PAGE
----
Finding the Right Math Program for Each and Every day!

Everyday Math2Sometimes children come to school either not liking math or not fully understanding math concepts. This can easily be remedied by using an engaging, hands on math program.

Last year there was a young student starting in 2nd grade; let’s call her Annie.  Annie’s parents said that at her old school she had hated math and was exhibiting anxiety when having to do math both at school and at home. When asked what Annie specifically did not like about math, her parents said the program at her old school focused a lot of attention on the memorization of facts. The kind of program teachers often refer to as “Drill & Kill” because students are constantly doing timed testing and it is as if the fun has been leached away.

After meeting Annie, it was clear she was a bright girl and would have no problem with a math program that was more engaging and emphasized conceptual learning as much as fact acquisition. She started the year eager to learn. As the fall went by, Annie continued to embrace the activities and games of a more holistic math program with energy and enthusiasm. She was frequently the first child to start and always wanted to do extra work. So, what was the difference? Perhaps this program was simply a better fit for Annie. She is a bright girl who loves to learn. By making math fun, interesting and applying it to real life situations, math can be more like a game than a chore. Quality math programs expertly incorporate real world scenarios, hands on activities and manipulatives into the curriculum.  Learning math is fun, challenging and always something new.

One such program to consider is the Everyday Math Program. It was developed by the University of Chicago School Mathematics Project Center for Elementary Mathematics and Science in 1983 and was most recently updated in 2012. Today nearly 3 million children worldwide use this program.

5 Components to Consider in a Math Program:everyday math3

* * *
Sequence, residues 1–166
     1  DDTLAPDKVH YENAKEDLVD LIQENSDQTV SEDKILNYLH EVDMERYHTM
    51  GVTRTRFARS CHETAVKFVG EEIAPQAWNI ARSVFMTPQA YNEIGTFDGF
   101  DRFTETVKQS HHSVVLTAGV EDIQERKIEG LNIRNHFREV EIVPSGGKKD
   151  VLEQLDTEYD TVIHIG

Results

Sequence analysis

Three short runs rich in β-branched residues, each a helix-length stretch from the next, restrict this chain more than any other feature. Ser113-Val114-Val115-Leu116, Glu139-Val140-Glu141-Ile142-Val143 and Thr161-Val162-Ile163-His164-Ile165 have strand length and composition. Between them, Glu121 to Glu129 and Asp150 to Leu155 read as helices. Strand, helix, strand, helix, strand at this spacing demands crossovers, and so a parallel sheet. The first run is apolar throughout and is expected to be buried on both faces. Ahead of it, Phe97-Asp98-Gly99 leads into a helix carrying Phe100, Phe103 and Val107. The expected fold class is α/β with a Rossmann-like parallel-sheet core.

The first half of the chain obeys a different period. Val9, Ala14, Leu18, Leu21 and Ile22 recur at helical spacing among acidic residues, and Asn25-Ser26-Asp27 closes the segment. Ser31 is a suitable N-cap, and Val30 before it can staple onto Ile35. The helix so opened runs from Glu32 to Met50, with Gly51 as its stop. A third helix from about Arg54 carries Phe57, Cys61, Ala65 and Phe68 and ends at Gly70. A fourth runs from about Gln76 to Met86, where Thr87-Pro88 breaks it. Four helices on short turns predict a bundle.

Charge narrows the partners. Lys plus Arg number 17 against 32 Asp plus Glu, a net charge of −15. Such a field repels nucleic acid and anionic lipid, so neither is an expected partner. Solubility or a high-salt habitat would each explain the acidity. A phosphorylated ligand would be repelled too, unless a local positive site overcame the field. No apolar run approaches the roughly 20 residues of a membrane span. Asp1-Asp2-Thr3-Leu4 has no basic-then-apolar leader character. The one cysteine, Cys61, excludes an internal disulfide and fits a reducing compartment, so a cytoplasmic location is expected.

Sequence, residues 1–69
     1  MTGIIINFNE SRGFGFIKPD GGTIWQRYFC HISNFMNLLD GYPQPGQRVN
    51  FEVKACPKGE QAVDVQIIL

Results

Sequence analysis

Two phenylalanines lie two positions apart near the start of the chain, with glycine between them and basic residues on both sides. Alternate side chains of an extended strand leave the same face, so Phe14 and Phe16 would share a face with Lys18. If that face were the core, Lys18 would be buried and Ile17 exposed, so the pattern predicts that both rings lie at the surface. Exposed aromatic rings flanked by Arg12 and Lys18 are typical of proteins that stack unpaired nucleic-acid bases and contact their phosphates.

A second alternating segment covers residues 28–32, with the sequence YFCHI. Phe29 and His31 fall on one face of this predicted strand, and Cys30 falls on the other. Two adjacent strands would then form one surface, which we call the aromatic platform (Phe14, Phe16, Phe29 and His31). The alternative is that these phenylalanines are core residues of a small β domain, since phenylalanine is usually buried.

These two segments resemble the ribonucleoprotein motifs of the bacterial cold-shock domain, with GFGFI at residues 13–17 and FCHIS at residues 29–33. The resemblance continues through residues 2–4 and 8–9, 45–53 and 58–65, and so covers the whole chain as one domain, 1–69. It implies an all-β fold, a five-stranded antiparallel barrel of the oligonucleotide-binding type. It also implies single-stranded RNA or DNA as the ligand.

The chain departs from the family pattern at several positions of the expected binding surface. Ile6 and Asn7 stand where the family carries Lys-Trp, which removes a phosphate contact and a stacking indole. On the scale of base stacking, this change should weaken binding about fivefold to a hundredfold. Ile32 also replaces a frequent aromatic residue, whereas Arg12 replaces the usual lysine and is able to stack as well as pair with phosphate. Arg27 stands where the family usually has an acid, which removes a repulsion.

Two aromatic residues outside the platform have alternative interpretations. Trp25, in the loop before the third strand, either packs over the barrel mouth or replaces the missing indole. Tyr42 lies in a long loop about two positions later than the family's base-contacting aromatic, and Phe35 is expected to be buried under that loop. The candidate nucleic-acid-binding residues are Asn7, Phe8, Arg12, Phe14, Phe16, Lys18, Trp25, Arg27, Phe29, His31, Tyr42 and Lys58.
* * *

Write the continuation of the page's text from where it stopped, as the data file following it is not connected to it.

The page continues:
1. Above Grade Level– Look for a challenging program where students could be a grade ahead of their local public school contemporaries graduating in 8th grade having completed Algebra I which many students take in 9thgrade.
  2. Strong Math Foundation – Research the rationales behind the math program and look for one developed around brain research. These programs use natural short and long-term memory to help children learn math. They also connect mathematical concepts to one another so children easily grasp new ideas and can see how they directly relate to each other. For example, fractions, decimals, percent and money are all different ways of expressing the same thing: ¼ = .25 = 25% = $ 0.25.
  3. Math Made Easy with Games – It is important to find a math program that is designed for all children who are naturally math smart as well as children who have excellent language skills or logical ability. Children understand not only pencil and paper math but also conceptual math, the rationale behind the numbers. This helps them apply their knowledge to new problems. And the games act as re-enforcement.  Look for a program that incorporates games into the learning. Everyday Math is a great example, having developed many games that codify learning and kids love them. There is Multiplication Baseball, Beat the Calculator, Battleship using the X/Y coordinates, and Landmark Shark.  Suddenly it no longer seems like ‘math’ when it is a game!
  4. Everyday Applications – It is critical that a good math program engage children. One way is to create problems based on actual real life applications. Children might be asked to estimate and go ‘shopping.’  They could money into vending machines and have to provide change. They answer story problems about sharing food or traveling in the car.
  5. Holistic Approach – Quality math curriculum teach in a spiral, introducing concepts that come around and around year after year. Children as young as Kindergarten and 1st grade learn about geometry and algebra is introduced as early as 2nd grade. This is done in subtle, age appropriate and interesting ways- children make figures out of shapes, fill in blanks representing the ‘x’. Children become familiar with these concepts so later on they can easily build on that knowledge without anxiety.
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